Honestly though, it almost never gets to the point of timeout. It really almost never gets any further than me reminding him that the choices are playing in the toy room or sitting quietly doing nothing. And it's not like I banish him to the room. I check on him and encourage him to show me the cool stuff he builds with his Legos or the neat way he arranged his trains.

To note: I play with my kids. I play with them tons. But I am a strong believer that kids need to learn to play independently too.
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Old 07-12-2012, 03:30 PM   #4
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I do Montessori activities at home (I'm not a homeschooler, we just do them for fun) and it has helped enormously with my kids being able to play independently for longer periods of time. I show them the activities and how to do them, then leave them on the shelf and they are free to play with them when and if they choose. It's just basic stuff like pouring beans, sensory boxes, play dough, magnetic shapes, puzzles, etc. But they love it. I think it's different than sitting down with a toy- it seems more engrossing. I have 'Montessori areas' in two parts of our house, by the kitchen, and by the living room, which is where we spend most of our time. So they can still see me and aren't off in a room by themselves.
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Old 07-12-2012, 05:09 PM   #5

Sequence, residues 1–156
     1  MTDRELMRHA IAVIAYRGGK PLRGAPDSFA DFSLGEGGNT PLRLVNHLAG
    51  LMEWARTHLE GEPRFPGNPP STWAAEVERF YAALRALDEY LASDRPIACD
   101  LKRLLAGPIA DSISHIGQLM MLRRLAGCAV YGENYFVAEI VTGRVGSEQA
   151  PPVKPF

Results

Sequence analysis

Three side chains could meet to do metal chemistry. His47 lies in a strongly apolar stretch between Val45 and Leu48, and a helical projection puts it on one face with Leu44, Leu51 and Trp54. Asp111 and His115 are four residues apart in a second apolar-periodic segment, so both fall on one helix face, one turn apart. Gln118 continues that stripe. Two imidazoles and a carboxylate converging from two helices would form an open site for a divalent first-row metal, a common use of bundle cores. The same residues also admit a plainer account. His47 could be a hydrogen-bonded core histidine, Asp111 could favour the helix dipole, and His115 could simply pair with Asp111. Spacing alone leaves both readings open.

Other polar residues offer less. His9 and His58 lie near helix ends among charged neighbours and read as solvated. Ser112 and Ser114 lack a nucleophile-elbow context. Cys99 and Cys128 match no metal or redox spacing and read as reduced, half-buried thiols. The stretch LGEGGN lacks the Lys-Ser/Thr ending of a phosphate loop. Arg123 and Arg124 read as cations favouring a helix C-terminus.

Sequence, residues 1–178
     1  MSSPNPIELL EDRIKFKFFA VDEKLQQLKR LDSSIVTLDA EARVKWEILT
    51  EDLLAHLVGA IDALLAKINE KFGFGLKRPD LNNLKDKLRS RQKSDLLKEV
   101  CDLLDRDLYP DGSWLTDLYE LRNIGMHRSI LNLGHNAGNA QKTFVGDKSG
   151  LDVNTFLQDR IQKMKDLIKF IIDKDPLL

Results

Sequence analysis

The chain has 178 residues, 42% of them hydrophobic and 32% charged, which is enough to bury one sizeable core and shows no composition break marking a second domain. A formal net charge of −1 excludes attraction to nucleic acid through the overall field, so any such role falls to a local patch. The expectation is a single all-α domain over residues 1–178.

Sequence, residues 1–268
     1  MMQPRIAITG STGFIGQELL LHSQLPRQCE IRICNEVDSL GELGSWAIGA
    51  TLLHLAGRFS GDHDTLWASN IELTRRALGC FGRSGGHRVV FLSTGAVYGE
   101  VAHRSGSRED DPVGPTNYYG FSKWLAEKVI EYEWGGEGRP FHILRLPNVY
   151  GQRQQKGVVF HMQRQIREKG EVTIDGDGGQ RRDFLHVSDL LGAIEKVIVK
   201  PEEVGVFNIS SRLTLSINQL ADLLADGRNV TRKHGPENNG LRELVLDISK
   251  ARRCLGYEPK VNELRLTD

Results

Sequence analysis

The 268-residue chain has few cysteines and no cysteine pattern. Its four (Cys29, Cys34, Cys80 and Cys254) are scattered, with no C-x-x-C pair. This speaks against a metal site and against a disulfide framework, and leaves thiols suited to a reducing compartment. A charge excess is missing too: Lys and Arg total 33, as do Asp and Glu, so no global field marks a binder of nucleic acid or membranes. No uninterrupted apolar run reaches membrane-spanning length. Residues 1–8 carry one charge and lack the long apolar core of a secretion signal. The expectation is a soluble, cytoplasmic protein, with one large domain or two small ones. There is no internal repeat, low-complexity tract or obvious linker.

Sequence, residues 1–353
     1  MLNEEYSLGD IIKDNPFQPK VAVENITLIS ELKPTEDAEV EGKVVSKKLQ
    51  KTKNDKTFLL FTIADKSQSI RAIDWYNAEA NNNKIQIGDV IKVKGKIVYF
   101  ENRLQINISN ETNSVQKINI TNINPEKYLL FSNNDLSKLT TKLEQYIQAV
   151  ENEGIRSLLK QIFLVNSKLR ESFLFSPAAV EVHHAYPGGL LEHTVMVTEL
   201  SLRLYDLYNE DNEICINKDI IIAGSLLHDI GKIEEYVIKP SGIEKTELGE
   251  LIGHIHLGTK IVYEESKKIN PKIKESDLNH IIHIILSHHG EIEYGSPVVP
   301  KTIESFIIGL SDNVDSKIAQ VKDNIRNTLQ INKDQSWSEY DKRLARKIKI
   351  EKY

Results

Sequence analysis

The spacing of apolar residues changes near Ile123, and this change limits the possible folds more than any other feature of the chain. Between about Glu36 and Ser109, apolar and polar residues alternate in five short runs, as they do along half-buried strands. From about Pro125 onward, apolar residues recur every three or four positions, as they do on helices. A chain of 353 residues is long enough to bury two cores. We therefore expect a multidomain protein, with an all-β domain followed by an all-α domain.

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Re: How to foster independent play?

Quote:
Originally Posted by nicolemariep View Post
My 3.5 year old can go from super clingy to fiercely independent. He will insist that he can move our 300lb sandbox by himself, but then ten minutes later he NEEDS me to help him put on his flip flops

However, he has learned to play well independently (or with his 1.5 year old brother). We usually have independent play after breakfast. I think it helps a bit to have a routine. I tell him that he can go play in the playroom. If he says he doesn't want to I tell him that his choices are to either play in the play room or sit quietly on the couch. This usually does the trick. If he continues to whine/complain/ask me to play with him I tell him that mommy is doing dishes/laundry/vacuuming/talking on the phone right now and gently remind him that his choices are sitting quietly or playing in the playroom. If for some reason he still whines he will have to go sit in the timeout chair for disobeying. (We have had to develop a strict no-whining policy in our house in order for me to maintain my sanity). He's ALWAYS ready to go play after that.

Honestly though, it almost never gets to the point of timeout. It really almost never gets any further than me reminding him that the choices are playing in the toy room or sitting quietly doing nothing. And it's not like I banish him to the room. I check on him and encourage him to show me the cool stuff he builds with his Legos or the neat way he arranged his trains.

To note: I play with my kids. I play with them tons. But I am a strong believer that kids need to learn to play independently too.